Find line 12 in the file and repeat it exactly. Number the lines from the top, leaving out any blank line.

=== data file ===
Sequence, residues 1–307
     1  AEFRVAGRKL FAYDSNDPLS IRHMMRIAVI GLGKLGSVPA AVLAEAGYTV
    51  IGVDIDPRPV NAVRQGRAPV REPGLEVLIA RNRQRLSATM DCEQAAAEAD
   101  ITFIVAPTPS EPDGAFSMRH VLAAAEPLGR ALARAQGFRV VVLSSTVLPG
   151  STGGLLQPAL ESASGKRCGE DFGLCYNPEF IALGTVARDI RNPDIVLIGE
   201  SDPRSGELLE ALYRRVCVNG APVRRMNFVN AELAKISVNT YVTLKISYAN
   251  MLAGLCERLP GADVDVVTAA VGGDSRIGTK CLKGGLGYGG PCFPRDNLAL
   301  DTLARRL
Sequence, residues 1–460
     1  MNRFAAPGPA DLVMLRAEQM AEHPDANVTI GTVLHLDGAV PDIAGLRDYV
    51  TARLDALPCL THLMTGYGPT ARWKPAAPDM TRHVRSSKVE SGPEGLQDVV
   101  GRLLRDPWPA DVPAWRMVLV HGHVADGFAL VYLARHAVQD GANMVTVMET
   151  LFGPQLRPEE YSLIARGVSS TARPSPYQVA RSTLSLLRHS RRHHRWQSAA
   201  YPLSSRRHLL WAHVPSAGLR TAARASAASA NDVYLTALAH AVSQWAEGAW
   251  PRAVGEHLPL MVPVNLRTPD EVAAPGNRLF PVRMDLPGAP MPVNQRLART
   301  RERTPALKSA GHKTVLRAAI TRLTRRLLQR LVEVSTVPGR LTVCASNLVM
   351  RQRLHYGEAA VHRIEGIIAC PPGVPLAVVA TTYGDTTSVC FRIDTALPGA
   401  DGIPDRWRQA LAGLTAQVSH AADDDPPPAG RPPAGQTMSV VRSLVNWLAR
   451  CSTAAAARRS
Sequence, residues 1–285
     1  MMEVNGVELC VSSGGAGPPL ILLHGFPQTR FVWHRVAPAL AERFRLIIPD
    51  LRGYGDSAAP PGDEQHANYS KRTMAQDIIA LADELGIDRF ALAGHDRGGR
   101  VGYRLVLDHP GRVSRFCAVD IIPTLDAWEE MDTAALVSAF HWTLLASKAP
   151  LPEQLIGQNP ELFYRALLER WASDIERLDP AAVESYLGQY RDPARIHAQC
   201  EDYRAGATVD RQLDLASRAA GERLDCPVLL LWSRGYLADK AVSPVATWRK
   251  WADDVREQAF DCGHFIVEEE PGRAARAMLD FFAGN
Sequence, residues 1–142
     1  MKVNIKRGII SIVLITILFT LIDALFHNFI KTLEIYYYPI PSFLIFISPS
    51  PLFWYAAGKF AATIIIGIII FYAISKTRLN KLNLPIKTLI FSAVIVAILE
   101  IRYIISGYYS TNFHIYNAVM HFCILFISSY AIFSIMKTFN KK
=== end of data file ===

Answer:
   101  GRLLRDPWPA DVPAWRMVLV HGHVADGFAL VYLARHAVQD GANMVTVMET